Monday again, another weekend survived, another opportunity to accomplish something and fail, being satisfied with living and imposing one’s own chaos on the larger chaos that is reality and which in the end proves to be all the same.
This morning the podcast was an episode of the CBC’s “Best of Ideas”, this one from March and dealing with the nature of morality. An excellent subject for early in the morning while social reality is still slumbering, or at least not fully awake and active at gym. I have always been intrigued by the admonitions of the establishment – usurious misers that they are – to the members to ‘clean’ the machines after use.
The excuse for this is sanitation and the implied social contract of not sharing illness among the population. The educationalist apparat is especially weak minded about this since their workplaces are a bigger breeding ground of sickness – physical in this instance – than toilets, sewer lines, hospitals, or slaughter houses. So while the fervor of using aerosol spray bottles full of antiseptic (? at least, toxic) solutions (at least when they commence spraying if not at the end,) is a useful signature, which coupled with their inability to have a conversation not inherently too loud and antisocial, for ascertaining, or at least inferring, their identity, the activity is of questionable value.
This does not mean that I belong unflinchingly, joyously in fact, to that cult of Nietzsche that holds that anything that does not kill us makes us stronger and hence we should expose everyone to every possible ill in the search for a broadly resistant gene pool. That theory may have held some substantial weight back before Jenner (and his unsung precursors) but nowadays there is sufficient hope for vaccine to moderate if not disestablish the idea.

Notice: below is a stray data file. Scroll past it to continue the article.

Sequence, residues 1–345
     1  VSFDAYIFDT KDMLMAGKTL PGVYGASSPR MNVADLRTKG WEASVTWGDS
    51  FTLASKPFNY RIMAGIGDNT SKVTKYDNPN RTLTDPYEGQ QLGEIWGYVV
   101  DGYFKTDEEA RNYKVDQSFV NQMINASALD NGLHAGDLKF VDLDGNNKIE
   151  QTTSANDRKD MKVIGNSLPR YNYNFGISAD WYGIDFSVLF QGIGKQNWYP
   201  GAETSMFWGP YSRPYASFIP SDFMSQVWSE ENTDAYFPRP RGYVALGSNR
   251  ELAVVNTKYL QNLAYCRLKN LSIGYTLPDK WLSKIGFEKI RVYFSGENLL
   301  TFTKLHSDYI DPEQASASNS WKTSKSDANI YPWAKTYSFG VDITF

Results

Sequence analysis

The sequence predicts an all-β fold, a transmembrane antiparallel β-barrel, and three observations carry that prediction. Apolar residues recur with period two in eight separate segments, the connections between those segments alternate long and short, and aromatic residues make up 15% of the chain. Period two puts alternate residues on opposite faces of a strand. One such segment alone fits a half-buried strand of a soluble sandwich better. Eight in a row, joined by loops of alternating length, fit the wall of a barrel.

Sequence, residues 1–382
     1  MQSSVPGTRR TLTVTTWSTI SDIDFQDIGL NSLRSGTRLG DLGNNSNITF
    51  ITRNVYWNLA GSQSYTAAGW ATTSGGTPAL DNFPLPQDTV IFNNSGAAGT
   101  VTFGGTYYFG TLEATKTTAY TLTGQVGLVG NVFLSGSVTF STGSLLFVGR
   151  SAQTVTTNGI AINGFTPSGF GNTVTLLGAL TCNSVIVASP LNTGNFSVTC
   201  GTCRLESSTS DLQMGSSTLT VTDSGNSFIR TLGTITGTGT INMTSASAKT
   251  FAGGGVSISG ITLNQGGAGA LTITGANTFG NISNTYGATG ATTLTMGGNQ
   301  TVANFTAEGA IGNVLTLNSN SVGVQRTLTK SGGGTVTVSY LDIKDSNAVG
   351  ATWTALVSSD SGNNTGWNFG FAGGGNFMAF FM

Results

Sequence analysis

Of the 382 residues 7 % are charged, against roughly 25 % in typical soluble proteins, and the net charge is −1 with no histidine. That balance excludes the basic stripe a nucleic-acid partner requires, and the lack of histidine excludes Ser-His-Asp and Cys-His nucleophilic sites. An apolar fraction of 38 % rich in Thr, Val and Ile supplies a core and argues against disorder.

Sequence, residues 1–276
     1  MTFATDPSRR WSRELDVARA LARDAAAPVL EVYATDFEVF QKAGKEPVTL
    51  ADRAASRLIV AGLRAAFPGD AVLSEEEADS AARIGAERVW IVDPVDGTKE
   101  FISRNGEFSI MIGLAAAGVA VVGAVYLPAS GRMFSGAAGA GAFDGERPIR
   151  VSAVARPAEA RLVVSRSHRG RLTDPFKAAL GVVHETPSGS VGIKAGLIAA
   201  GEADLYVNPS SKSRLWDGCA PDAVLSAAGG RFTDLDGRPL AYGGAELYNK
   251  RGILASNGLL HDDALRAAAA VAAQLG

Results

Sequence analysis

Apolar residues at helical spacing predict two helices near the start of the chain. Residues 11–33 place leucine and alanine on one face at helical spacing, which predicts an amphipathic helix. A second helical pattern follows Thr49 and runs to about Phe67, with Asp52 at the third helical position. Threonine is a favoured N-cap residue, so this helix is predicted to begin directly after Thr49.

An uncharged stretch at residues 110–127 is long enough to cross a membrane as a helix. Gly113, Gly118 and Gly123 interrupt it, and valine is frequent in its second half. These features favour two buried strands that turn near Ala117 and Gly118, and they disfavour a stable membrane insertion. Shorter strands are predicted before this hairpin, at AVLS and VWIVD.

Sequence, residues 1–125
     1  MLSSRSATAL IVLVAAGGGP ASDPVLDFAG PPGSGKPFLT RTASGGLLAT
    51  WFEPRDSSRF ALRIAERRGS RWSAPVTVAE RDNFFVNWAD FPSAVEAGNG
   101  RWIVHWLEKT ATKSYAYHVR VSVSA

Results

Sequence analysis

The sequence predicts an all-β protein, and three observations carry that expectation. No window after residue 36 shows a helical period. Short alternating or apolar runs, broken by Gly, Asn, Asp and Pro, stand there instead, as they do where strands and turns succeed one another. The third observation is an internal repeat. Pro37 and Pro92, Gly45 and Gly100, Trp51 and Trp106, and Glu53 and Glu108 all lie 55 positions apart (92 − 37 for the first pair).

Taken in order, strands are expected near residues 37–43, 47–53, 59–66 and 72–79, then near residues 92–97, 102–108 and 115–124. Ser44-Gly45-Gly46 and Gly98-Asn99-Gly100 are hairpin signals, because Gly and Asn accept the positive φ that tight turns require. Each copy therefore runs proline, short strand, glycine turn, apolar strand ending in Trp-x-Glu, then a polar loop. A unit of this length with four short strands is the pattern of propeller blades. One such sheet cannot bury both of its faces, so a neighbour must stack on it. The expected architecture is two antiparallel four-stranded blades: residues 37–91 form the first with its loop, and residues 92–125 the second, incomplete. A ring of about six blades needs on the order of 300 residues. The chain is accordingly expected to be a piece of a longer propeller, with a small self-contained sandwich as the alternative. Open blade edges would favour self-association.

Indeed, there are some microbes that cause sickness of such direness that some preventive sanitation is clearly indicated. But this prevention needs be done intelligently, which is a quality that the observant find doubtful in the average educationalist. One of the sad facts of microbiota is that some of the ones most destructive of humans are the least susceptible to the common run of antiseptics. And since any population of bacteria residing on the handlebars of a stationary bicycle or elliptical machine is in competition for survival, spraying with the garden variety antiseptics employed in gyms is often more likely to increase the population of destructive microbes than decrease it. 
So what is the moral thing to do? To spray or not to spray? Since most of the microbes actually live in a layer of biological film – water plus oils and secretions – on the surface (or in the vacancies in foam) of the machines, a better way may be to remove the layer, taking the good with the bad.
But the problem with morals is that they are much more a part of human delusion and programming than any deistic benefice. And as such they can only be morals is all of society agrees to them. Otherwise they are merely a source of disagreement, conflict, and atrocity. Which is what gyms are all too often.
 For those who need the explanation, if you kill off the microbes that are susceptible then that leaves less competition for the microbes that are not susceptible. And since the bad guys are the latter more than the former, you kill off good (not bad) guys and leave a free lunch for the bad guys.